Completed Contract Method Tax Reform

The completed contract method (CCM) has been a popular accounting method for long-term construction contracts. This method allows a taxpayer to defer tax recognition until a long-term contract is completed. However, tax reform legislation has changed the way CCM is applied.

In December 2017, the Tax Cuts and Jobs Act (TCJA) was passed, bringing significant changes to the U.S. tax code. One of these changes was to limit the use of CCM for tax years beginning after December 31, 2017.

Under the new law, CCM can only be used by taxpayers with an average annual gross receipts of $25 million or less for the three prior tax years. This change was made to prevent larger companies from using the deferral method to reduce their tax liability.

For taxpayers who do qualify to use CCM, there are still changes to be aware of. The TCJA also eliminates the use of CCM for contracts that extend beyond two years. This means that for contracts that take longer than two years to complete, taxpayers will have to recognize income and expenses over the course of the project.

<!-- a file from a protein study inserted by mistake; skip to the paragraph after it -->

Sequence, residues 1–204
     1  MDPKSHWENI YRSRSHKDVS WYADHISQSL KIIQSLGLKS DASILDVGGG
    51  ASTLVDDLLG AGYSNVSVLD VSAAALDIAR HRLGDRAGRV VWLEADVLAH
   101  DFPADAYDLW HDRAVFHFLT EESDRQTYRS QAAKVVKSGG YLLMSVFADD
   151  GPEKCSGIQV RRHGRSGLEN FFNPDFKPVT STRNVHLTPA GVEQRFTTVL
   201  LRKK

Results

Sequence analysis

Another change under the TCJA is the elimination of the exception for home construction contracts using the CCM method. This exception allowed home builders to use CCM for contracts that extended beyond two years. However, with the new law, home construction contracts must be recognized on a percentage of completion basis.

Overall, the changes to the CCM method under the TCJA are designed to simplify the tax code and prevent larger companies from using tax deferral methods to reduce their tax liability. For taxpayers who do qualify for CCM, it is important to understand the changes and adjust their accounting methods accordingly. Working with a qualified CPA or tax professional can help ensure compliance and maximize tax benefits.